trillium

It is likely that Trillium ovatum, otherwise known as Wake Robin, is the most familiar floral sight in our woods and forests.

As its common name suggests, it is one of the earliest blooming of our native flowers, a herald of spring. There are a few species of Trillium native to our area, part of a group of hundreds of species worldwide.

Whatever the color or size, they are recognizable by the collar of whorled leaves held above a bare stem, holding a single flower. Spreading by rhizomes, Trilliums will, if left undisturbed, form a colony and carpet the woodland floor in early spring.

They can also be propagated by seed, a much slower process. In nature a sort of back-up system is in place with the cooperation of mice and ants, to help spread the seeds; ants especially are attracted by a protein-rich fleshy attachment to the seed called an elaiosome. They carry the seeds back to their nest, consume the desired part and then discard the seed itself, which in turn eventually germinates having been conveniently “planted” in the ground in an organically rich environment.

trillium ovatum

Trillium ovatum

This is the flower that comes to mind when one hears the name “Trillium.” Mistakenly thought by many to be Oregon’s state flower by virtue of its abundance, its pure, bright white flower held above the triumvirate of bright green leaves is a welcome sight in the woods as well as the woodland garden.

Shade to partial shade, organically rich and well-drained soil; regular water in the spring (which usually happens automatically in the Pacific NW), little or no water in the summer when the plant has died back and gone dormant for the season. The white flower gradually turns to purple as it ages.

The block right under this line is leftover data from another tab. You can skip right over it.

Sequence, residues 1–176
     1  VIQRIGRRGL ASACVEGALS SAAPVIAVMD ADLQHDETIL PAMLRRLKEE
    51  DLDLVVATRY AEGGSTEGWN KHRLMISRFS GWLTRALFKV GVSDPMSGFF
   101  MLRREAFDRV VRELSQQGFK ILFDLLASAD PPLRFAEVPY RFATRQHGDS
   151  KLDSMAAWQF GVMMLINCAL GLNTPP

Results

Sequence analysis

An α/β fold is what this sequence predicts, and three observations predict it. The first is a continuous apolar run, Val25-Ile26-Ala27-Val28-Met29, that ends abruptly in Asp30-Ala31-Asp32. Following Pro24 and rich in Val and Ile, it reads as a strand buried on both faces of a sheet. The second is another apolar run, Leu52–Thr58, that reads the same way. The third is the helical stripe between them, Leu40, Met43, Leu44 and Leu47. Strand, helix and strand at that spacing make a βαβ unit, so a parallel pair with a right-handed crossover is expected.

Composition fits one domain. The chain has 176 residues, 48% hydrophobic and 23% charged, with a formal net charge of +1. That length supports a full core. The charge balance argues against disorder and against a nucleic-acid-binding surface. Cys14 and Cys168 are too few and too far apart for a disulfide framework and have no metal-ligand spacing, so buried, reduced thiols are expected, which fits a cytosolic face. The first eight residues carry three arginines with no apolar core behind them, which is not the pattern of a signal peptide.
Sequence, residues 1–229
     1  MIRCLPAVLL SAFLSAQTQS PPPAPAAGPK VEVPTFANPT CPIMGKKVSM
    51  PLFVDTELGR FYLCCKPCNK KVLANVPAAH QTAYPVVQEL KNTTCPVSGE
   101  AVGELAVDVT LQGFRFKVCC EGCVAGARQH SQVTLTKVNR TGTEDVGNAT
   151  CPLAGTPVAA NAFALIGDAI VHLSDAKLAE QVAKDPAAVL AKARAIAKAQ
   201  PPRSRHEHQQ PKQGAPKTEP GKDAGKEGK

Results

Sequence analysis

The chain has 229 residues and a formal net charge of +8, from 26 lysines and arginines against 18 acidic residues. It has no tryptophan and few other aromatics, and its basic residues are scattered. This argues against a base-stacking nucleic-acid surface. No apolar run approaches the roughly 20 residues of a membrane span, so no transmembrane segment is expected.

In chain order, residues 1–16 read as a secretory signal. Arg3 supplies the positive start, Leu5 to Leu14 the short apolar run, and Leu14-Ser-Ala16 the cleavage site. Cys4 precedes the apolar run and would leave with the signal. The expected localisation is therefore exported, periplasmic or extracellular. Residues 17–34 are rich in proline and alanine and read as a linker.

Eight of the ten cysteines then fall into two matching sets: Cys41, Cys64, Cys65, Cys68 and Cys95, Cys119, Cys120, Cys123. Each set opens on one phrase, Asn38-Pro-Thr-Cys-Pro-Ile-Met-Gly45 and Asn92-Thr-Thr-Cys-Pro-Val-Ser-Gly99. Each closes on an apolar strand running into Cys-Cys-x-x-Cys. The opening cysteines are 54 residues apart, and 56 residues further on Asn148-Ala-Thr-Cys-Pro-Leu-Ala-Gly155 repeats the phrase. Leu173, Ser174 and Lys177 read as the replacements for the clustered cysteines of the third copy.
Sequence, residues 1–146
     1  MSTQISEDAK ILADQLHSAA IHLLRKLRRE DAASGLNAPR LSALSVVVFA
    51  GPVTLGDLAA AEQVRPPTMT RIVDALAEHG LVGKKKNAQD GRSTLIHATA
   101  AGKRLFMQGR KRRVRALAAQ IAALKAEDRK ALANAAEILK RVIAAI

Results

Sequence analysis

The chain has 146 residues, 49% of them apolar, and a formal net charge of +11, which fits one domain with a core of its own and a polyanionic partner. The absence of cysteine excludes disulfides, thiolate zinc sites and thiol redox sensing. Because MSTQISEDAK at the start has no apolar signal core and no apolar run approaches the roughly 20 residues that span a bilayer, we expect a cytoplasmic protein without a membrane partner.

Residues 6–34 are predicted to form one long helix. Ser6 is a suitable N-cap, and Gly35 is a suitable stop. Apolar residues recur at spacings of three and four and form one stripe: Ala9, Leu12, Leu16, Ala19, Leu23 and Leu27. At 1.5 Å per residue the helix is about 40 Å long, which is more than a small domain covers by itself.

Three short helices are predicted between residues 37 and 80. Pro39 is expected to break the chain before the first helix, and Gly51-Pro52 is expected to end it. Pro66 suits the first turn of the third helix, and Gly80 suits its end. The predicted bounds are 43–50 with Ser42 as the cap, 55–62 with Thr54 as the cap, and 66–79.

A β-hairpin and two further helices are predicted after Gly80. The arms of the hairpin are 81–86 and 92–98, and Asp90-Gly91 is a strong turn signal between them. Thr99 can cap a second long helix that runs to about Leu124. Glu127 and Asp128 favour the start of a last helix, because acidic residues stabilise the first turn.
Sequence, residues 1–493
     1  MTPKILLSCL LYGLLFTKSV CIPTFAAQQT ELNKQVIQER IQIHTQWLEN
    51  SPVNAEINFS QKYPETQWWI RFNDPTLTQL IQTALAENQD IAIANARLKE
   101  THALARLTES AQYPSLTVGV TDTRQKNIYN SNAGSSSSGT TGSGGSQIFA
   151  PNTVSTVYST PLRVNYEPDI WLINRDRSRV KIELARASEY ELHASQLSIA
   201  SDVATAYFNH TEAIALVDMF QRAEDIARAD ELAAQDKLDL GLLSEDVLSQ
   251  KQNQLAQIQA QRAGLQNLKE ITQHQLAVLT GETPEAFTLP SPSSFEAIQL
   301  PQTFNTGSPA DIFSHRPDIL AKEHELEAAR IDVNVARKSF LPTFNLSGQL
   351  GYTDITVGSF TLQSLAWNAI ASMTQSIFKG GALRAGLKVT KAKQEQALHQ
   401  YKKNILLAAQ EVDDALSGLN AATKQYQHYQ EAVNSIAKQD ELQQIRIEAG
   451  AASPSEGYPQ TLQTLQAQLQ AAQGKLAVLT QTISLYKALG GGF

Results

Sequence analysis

trillium chloropetalum

Trillium chloropetalum

The leaves are slightly mottled with reddish-brown.  The flower is held more stiffly erect above the leaves and can range in color from red through greenish yellow to white. Leaves and flowers are both larger than Trillium ovatum, hence the common name Giant Trillium.

trillium kurabayashii

Trillium kurabayashii

Large Purple Wake Robin is a rare one.  Found only in isolated colonies in Northern California and into the farthest SW corner of Oregon, the large leaves are distinctly mottled with dark green and are large and slightly ruffled when mature. The flower parts are held upright, perpendicular to the leaves, and generally of a deep, rich reddish purple in color. (photo credit to Paul Schlicter)

Needing perhaps a little more sheltered area than Trillium ovatum, it is still quite garden-worthy. Propagated by seed by growers allowed to sustainably collect the seed from the wild, the care and length of time it takes to grow these plants to retail ready size and condition in part explains their price.

Find Natives for your garden

We offer a great selection of Northwest Natives from spring through fall. The plants featured are highlighted favorites, but they do not represent ALL of the plants we carry. For a more complete list, see our Northwest Native Plant List.

Natives

Abies: Native Fir

Natives

Acer Circinatum: Vine Maple

Natives

Actaea: Bugbane

Natives

Aquilegia: Columbine

Natives

Arbutus: Pacific Madrone

Natives

Asarum: Wild Ginger

Natives

Asclepias: Milkweed

Natives

Attracting Butterflies

Natives

Camassia: Camas

Natives

Ceanothus: Wild Lilac

Natives

Cornus sericea

Red Twig Dogwood
Natives

Corylus cornuta

Beaked Hazelnut
Natives

Dodecatheon: Shooting Star

Natives

Edible Fruits

Natives

Erigeron: Fleabane

Natives

Eriophyllum: Oregon Sunshine

Natives

Native Ferns

Natives

Fragaria: Wild Strawberry

Natives

Gaultheria shallon: Salal

Natives

Holodiscus: Oceanspray

Natives

Attracting Hummingbirds

Natives

Native Iris

Natives

Lewisia: Bitterroot

Natives

Mahonia: Oregon Grape

Natives

Malus fusca

Western Crabapple
Natives

Osmaronia: Indian Plum

Natives

Penstemon: Beard Tongue

Natives

Philadelphus: Mock Orange

Natives

Physocarpus

Western Ninebark
Natives

Pinus: Native Pine

Natives

Quercus: Garry Oak

Natives

Rhamnus: Cascara

Natives

Ribes: Wild Currant

Natives

Rosa: Wild Rose

Natives

Rubus: Salmonberry

Natives

Sambucus: Elderberry

Natives

Sedum: Stonecrop

Natives

Sidalcea: Checker Mallow

Natives

Sisyrinchium

Blue-eyed Grass
Natives

Solidago: Goldenrod

Natives

Symphoricarpos: Snowberry

Natives

Synthyris: Native Figwort

Natives

Trillium: Wake Robin

Natives

Vaccinium: Huckleberry

Natives

Vancouveria: Inside-out Flower

Natives

Viburnum trilobum

Cranberrybush
Natives

Viola: Violet

Natives

Winter Interest